Last orders- Is Wetherspoons’ social media shutdown a watershed?
Over the weekend news hit that the UK’s best-loved cut-price pub chain was closing all its social media accounts— both centralised and for each of its 900 or so individual sites— sparking widespread debate as to why this decision has been made. Let’s look at the angles, then.
Unsurprisingly, many experts, analysts and members of the public were quick to suggest the Wetherspoons Facebook and Twitter cull is nothing more than a publicity stunt, designed to create valuable headlines and brand mentions, many of which, perhaps ironically, have appeared on the same networks the company has abandoned.
“You would have to be completely off your rocker to do a publicity stunt … which banned the medium which is supposed to give you the most publicity,” Tim Martin, Wetherspoons founder, told BBC News in response.
He makes a good point— as experts in PR, marketing and social media for business we can’t figure out how this would work that well as a stunt to try and garner attention.
The truth speakers
Another popular theory links the closure to negative sentiment surrounding the brand on social media. Weatherspoons, or at least the big bossman Tim Martin, was extremely vocal in support of the Leave referendum campaign, and the backlash against the firm as a result of that has been highly visible as the UK struggles to come up with a robust and comprehensive plan for next year’s EU exit.
Facebook’s user reviews also add to this theory— many of the individual pub accounts have extremely low ratings from customers, with the head office account only mustering a disappointing 1* average review. None of which suggests Wetherspoons would be particularly keen to maintain its accounts.
If engagement hasn’t been particularly kind to Wetherspoons, then social media has been nothing short of damaging for the pub industry as a whole. As more and more social interactions take place in the home, via digital platforms, fewer and fewer people are heading out to meet friends for drinks, and the biggest victim of this change in national habits has been the pub.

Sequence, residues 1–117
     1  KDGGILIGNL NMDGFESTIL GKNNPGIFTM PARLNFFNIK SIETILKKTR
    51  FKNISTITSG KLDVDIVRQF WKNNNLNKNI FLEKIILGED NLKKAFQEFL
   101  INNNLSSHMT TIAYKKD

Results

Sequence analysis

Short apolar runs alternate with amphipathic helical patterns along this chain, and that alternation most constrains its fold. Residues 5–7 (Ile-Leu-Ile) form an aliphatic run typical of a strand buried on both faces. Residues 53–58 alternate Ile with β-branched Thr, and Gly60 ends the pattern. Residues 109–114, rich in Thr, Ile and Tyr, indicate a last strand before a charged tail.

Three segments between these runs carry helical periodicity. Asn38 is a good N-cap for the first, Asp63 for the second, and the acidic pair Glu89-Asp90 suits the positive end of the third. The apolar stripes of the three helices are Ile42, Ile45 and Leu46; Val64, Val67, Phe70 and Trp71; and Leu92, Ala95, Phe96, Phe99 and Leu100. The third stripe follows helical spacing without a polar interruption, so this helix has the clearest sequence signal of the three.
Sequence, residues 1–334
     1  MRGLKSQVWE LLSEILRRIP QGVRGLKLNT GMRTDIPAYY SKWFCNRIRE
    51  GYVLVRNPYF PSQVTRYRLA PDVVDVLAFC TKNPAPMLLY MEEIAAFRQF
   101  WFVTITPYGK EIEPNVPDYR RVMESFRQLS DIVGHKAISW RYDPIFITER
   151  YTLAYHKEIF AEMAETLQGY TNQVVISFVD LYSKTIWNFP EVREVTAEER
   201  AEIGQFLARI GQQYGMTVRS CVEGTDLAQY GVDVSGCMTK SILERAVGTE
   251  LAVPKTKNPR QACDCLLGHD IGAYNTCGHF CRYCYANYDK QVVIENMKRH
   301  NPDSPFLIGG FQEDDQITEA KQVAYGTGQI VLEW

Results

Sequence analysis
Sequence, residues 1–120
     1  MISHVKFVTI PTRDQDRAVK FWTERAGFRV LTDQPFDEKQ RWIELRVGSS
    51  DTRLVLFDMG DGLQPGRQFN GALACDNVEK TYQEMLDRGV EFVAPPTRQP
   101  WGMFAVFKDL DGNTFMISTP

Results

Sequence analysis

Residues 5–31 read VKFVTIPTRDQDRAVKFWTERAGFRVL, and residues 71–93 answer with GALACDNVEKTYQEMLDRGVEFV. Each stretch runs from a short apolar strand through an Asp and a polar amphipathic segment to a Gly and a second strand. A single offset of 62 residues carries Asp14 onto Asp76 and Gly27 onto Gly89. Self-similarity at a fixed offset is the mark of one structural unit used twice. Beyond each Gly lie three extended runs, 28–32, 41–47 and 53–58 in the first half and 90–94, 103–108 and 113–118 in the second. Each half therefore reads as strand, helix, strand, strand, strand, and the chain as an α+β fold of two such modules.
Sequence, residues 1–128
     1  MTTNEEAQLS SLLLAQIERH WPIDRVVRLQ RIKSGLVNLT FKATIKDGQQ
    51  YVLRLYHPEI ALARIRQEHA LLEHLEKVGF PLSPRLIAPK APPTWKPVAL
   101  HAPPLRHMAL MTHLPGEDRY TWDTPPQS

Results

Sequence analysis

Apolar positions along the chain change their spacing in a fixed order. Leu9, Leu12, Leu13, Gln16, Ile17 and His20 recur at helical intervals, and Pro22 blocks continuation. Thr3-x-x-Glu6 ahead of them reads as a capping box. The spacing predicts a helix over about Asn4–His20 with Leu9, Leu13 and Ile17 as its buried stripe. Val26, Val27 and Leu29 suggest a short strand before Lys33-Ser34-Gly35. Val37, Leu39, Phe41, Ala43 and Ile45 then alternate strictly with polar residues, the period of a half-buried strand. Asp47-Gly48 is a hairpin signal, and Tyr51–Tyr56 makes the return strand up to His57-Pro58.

But while this would perhaps suggest one of the biggest names in the industry might want to take a stand, realistically closing down social media accounts isn’t going to solve the problem— it’s more than likely going to create an even bigger rift between pubs and the social media users. It would arguably be far more effective to try and harness the potential of the networks in order to drive footfall to pubs.
This one comes direct from the horse’s mouth, so to speak. Tim Martin claims his company has abandoned social media because of a perfect storm of bad news surrounding the networks. The Cambridge Analytica-Facebook scandal, trolls on Twitter, extremist material and cyberbullying have, apparently, been the final nails in the Wetherspoons social coffin.
According to this article in The Guardian, Wetherspoons has failed to make the most of its social media accounts. Claiming just under 45,000 Twitter followers and around 100,000 Facebook fans isn’t that impressive for a major household name, and many of the individual pub accounts have been incredibly lacklustre in posting fresh content.
This means that although we are constantly being told social media is an essential business tool, in the case of Wetherspoons this probably isn’t the case— the platforms are only worth the effort account owners put in, so it’s easy to see why the chain could close its accounts without much fallout.
The old whistleblowers
The final viewpoint to consider is that of former staff, specifically the old Wetherspoons social media team. As per this report by Metro, an account named @jdwt**ts has appeared, which claims to be The Account Formerly Known As Wetherspoons, and the output has been fascinating to say the least.
Posts seem to accuse Wetherspoons of lying when it comes to the rationale behind closing its social accounts down. Rather than the decision stemming from the ‘dark side of social’, for want of a better phrase, it apparently results from the powers that be panicking over apparent ‘misuse of email lists’— something which, in the run up to GDPR next month, would rightly worry any major company.
In all honesty Smoking Gun’s jury is out on this one. With so many conflicting statements circulating, and little chance of us being able to work out who to believe, it comes down to who you’d prefer to side with.
The disgruntled Twitter account in itself highlights one of the biggest problems with social media as a news source— confirming legitimacy— while official statements from Wetherspoons assume trust in the brand.
The overall question— will this be a watershed moment for UK businesses on social media?— is a little easier to answer. In a word, ‘No’, we’re almost 100% sure this will not inspire a mass brand exodus from social media platforms.
While we will all know some personal users who have voted with their feet and deactivated their Facebook accounts in protest at the data scandal, and some companies may be following suite, the idea that a wholesale departure is imminent stretches the limits of believability.